OCPA has been criticized by some for constantly saying NO. That refrain has been delivered throughout the halls of the Capitol for years. It is a specious argument with no basis in fact. OCPA has led the charge, and been highly supportive of many significant reforms in recent years. But, when policy reflects a continuous shift to the left and abandons the principles of free markets, individual initiative/responsibility and limited government, we will always say NO.
Here’s why the argument is flaccid. OCPA was not the first to say NO. Budget proponents said “No” to conservative ideas. They said “No” to the idea of limited government. They said “No” to the idea of taxing work less in exchange for increasing taxes on consumption and services. Proponents said “No” to the idea of first creating greater efficiency in government. And, their “Yes” to nearly $2 billion of tax increases without reform is not good for the long-term viability or competitiveness of our state.
We continue to believe that for Oklahoma to be a high-achiever we must be a smarter, more prosperous state served by a lean, efficient government. That statement is principled and compatible with OCPA’s mission – free markets, individual initiative/responsibility and limited government. OCPA will continue to advocate policies based on conservative principles as an alternative when political expediency ignores them.
We encourage you to let your upcoming decisions rest on principle, not expediency. We encourage you to not just balance the budget, but also focus on building a state. You represent your state, not just your district. By your vote you accept responsibility for the outcome those votes create. We believe the OCPA mission – free markets, individual initiative/responsibility and limited government are the decision filters that will produce the best long-term outcomes for Oklahoma. We look forward to continue working with you for the betterment of all Oklahomans and thank you for your service.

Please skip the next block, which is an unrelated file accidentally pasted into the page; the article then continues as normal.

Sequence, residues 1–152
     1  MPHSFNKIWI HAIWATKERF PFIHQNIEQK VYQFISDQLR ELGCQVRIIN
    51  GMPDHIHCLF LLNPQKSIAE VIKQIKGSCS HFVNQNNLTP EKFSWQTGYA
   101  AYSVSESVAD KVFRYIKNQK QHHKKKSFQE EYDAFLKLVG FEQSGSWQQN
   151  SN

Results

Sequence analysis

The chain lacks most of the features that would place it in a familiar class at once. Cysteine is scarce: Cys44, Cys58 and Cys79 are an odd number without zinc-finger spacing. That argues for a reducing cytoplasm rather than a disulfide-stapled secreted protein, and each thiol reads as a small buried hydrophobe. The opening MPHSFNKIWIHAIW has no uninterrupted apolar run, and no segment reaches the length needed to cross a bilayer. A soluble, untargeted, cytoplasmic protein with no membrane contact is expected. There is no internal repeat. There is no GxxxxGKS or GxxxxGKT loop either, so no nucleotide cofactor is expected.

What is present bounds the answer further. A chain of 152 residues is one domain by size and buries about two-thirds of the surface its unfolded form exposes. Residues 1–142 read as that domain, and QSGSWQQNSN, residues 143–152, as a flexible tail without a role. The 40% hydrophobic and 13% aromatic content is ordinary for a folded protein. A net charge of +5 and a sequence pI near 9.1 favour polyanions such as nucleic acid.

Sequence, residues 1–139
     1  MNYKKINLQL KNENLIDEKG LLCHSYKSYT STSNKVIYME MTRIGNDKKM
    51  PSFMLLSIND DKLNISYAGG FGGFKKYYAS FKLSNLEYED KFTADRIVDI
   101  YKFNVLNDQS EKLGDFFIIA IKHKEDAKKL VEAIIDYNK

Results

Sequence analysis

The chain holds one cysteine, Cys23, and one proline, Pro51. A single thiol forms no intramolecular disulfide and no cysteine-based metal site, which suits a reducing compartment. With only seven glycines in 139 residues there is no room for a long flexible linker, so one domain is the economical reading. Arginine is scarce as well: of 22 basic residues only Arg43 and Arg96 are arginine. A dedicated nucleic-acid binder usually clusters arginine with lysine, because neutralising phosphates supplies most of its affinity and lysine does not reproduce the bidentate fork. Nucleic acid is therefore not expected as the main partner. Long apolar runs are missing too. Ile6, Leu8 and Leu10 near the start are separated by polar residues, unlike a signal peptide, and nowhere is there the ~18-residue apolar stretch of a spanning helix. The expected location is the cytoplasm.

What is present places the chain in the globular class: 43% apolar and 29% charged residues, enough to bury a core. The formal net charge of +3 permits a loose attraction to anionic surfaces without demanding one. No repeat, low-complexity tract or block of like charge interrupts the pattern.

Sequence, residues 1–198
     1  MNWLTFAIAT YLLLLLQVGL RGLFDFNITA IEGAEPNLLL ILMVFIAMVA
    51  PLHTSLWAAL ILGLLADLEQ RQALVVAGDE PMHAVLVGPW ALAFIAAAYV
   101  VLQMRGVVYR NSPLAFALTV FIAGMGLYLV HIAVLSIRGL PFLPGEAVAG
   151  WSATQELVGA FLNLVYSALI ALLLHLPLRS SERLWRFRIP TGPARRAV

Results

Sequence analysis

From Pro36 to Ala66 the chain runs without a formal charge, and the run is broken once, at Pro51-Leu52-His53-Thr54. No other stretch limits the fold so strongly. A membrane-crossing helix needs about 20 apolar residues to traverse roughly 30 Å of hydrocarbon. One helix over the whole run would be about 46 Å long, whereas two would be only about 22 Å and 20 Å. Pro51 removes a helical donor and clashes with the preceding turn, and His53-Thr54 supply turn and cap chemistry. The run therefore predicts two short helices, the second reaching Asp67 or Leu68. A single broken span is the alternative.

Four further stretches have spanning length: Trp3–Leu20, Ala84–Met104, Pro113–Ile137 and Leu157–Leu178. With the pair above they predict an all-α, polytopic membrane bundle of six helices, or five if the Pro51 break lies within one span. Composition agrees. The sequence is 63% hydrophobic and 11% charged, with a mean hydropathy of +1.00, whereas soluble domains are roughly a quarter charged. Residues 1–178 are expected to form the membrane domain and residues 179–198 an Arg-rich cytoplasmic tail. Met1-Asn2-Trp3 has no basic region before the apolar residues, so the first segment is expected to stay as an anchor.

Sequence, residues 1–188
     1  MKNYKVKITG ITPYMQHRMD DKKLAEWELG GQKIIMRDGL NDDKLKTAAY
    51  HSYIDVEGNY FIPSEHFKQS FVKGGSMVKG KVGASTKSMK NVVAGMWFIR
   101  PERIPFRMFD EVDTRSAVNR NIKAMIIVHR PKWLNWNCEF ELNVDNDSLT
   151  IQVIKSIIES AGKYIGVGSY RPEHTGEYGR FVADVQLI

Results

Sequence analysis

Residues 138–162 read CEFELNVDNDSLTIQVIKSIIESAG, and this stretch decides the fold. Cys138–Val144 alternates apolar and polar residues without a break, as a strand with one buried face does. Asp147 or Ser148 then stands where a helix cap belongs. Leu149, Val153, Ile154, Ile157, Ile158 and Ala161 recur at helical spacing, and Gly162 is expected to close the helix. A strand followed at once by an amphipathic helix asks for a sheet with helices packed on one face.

Larry V. Parman, Chairman of the Board of Trustees
Jonathan Small, President
Jonathan Small, C.P.A., serves as President and joined the staff in December of 2010. Previously, Jonathan served as a budget analyst for the Oklahoma Office of State Finance, as a fiscal policy analyst and research analyst for the Oklahoma House of Representatives, and as director of government affairs for the Oklahoma Insurance Department. Small’s work includes co-authoring “Economics 101” with Dr. Arthur Laffer and Dr. Wayne Winegarden, and his policy expertise has been referenced by The Oklahoman, the Tulsa World, National Review, the L.A. Times, The Hill, the Wall Street Journal and the Huffington Post. His weekly column “Free Market Friday” is published by the Journal Record and syndicated in 27 markets. A recipient of the American Legislative Exchange Council’s prestigious Private Sector Member of the Year award, Small is nationally recognized for his work to promote free markets, limited government and innovative public policy reforms. Jonathan holds a B.A. in Accounting from the University of Central Oklahoma and is a Certified Public Accountant.
Jonathan Small is president of the Oklahoma Council of Public Affairs. Larry Parman is chairman of the Oklahoma Council of Public Affairs.